Kickstarter and JRPGS: A Match Made in Heaven?

  • By Staff

  • November 10, 2012

  • 3


Video games are here to stay! What started as a hobby for just a handful of fans who appreciated a digital interactive experience has morphed itself into a multi-billion-dollar industry. PC games and arcade games in the 80′s laid down much of the groundwork for the arrival of gaming in a big way.

The 90′s was the time when console games helped games reach into the main-stream market. Now as it stands, PC games and games console has ushered in a new era of gaming dominance over movies, TV and dare I say even books (truth be told there still is a huge gulf between those two).

If we take a closer look at this medium, we find that there is one quality that sets itself apart from its competitors: changing trends at a break-neck pace. Every few years a new trend gets introduced that proves beneficial to gaming in general. Let’s take a look at a few trends that have occurred in the last 15 years.

The arrival of 3D gaming due to Super Mario 64 in 1996 changed the entire direction of video games. Cartridge based console games being discarded for CDs and DVDs and later Blue Ray formats. Online gaming took off in a huge way on PC’s back in the early 90’s and then in the late 2000’s on consoles as well.

Use of memory cards replaced battery saves, and later built-in hard drives took hold of consoles. Motion technology ushered a new era of physically interactive gaming. Digital distribution became a reality and now is indeed the future.

There are still so many trends I could have mentioned, but you get the picture. Trends come thick and fast in the video gaming industry and its kudos to the game developers and fans who adapt to new ways very readily. So as the current generation consoles are drawing to a close and PC gaming once again had a great time of it, there is yet again a new trend raising its head, which will definitely bring in change.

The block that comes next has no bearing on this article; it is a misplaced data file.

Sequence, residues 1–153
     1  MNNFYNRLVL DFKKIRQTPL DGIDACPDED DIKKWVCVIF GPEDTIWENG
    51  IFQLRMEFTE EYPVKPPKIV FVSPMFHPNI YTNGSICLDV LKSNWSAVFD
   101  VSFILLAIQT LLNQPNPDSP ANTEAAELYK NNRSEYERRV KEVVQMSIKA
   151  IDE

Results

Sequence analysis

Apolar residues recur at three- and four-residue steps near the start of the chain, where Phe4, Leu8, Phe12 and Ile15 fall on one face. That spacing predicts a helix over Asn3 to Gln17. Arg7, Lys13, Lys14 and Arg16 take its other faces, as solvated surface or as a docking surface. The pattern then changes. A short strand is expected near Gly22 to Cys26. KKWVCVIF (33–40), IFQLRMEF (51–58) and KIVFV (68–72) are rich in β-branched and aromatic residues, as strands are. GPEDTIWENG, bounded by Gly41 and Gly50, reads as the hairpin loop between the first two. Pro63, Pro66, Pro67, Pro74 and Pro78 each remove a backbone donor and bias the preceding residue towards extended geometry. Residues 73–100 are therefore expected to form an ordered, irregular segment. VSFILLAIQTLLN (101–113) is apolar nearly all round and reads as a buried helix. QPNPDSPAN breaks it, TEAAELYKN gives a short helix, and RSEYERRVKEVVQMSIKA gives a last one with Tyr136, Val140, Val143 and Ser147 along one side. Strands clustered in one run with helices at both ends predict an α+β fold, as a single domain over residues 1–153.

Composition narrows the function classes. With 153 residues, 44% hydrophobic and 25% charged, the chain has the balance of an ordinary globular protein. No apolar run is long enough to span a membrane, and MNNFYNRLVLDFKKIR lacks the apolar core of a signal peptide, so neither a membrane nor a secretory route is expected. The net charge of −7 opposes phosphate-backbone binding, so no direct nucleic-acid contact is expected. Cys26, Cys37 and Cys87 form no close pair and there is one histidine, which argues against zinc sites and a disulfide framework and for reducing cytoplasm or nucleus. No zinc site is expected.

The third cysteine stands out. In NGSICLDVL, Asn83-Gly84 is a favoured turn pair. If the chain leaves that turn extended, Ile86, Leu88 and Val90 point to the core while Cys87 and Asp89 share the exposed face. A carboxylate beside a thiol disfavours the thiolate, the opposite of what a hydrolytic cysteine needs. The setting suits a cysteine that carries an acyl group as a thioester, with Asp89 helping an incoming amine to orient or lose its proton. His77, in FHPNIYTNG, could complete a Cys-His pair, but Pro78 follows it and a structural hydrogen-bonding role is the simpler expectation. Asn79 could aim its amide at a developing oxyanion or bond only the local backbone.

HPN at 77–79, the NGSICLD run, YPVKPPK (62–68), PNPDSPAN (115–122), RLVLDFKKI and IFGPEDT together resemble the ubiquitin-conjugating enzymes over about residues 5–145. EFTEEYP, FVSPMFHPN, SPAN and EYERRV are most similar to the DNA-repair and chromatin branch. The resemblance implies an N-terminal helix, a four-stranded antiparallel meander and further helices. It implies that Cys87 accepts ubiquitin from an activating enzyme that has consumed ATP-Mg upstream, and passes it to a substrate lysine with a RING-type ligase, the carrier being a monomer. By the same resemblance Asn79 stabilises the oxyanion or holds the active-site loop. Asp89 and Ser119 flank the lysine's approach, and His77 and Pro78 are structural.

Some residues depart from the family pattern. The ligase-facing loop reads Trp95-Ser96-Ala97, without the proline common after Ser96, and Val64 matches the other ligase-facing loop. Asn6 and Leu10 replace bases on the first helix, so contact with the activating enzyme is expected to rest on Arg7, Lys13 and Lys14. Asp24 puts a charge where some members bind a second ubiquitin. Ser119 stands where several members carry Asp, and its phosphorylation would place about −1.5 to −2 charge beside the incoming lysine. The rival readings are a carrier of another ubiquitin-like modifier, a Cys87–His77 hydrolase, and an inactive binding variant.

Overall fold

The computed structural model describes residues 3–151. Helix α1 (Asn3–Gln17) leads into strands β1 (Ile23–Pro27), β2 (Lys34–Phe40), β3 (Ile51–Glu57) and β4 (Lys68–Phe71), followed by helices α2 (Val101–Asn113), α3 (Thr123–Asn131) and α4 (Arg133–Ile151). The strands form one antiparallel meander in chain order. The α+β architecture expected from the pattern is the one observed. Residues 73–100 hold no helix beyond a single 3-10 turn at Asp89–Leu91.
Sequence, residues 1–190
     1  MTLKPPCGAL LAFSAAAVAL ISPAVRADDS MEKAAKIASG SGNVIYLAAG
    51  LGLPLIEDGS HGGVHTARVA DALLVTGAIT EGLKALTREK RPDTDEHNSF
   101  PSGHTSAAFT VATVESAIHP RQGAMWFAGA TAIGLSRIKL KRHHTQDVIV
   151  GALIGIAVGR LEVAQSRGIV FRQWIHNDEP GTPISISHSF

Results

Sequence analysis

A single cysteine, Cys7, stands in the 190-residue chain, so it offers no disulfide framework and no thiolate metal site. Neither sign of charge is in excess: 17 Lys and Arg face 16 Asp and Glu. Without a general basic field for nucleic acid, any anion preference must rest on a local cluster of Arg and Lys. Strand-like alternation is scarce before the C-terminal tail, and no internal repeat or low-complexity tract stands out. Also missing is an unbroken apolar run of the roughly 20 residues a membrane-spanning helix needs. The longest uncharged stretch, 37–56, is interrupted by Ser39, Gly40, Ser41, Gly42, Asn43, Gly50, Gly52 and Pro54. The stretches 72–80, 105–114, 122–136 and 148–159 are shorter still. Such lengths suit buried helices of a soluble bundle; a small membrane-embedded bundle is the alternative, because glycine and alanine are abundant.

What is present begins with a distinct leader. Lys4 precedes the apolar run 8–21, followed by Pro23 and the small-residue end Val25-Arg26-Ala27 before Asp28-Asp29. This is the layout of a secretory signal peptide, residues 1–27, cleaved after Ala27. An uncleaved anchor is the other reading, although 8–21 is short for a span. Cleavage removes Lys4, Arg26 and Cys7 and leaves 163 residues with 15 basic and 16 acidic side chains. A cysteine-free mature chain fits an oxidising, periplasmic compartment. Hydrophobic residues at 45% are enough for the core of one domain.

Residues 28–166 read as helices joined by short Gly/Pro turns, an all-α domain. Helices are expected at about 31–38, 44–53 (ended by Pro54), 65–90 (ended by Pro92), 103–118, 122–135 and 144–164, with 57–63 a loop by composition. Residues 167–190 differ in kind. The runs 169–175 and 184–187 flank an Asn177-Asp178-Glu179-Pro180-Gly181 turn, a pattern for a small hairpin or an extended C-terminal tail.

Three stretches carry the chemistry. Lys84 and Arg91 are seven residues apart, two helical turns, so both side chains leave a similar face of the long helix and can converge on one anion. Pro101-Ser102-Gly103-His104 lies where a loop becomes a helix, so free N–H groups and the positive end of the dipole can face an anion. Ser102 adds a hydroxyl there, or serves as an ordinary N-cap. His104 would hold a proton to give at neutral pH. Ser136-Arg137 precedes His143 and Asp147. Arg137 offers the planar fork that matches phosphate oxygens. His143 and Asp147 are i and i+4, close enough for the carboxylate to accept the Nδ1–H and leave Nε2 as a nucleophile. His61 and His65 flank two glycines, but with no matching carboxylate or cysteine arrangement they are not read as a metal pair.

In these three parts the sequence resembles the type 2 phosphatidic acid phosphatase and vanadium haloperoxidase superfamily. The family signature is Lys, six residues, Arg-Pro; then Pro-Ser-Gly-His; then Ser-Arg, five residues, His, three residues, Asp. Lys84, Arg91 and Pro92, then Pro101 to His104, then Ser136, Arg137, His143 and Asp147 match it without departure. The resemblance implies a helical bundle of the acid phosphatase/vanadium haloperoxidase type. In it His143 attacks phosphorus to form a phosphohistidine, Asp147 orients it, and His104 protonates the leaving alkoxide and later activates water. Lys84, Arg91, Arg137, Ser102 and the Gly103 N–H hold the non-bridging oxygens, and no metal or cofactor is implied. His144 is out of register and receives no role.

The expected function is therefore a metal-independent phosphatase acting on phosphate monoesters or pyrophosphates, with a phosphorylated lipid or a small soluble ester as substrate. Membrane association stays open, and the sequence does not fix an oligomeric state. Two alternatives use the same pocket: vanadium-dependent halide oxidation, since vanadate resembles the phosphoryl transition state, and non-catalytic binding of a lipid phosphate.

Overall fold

Better or worse remains to be seen, but it certainly has A LOT of potential, which will bring fans and developers a little closer than before.

Kickstarter. What is Kickstarter you might ask? It’s a business venture by three guys wherein games, movies, books and other sorts are funded by the public. The whole concept follows the crowd funding model where the general public can donate financially for completion of such projects.

In terms of game development this is a huge oil field because Kickstarter takes away the traditional form of investment and hence all restrictions as well. This phenomenon is set to take the game industry by storm in the next couple of years.

Take a gander at the Kickstarter webpage and you will be stunned at how much people have taken to this new trend and are willing to part with their own money to back games and even a new videogame console. The biggest success story right now is that of the new Android based game console Ouya, which has gathered 8 million dollars and now is well on its way for release sometimes next year or so.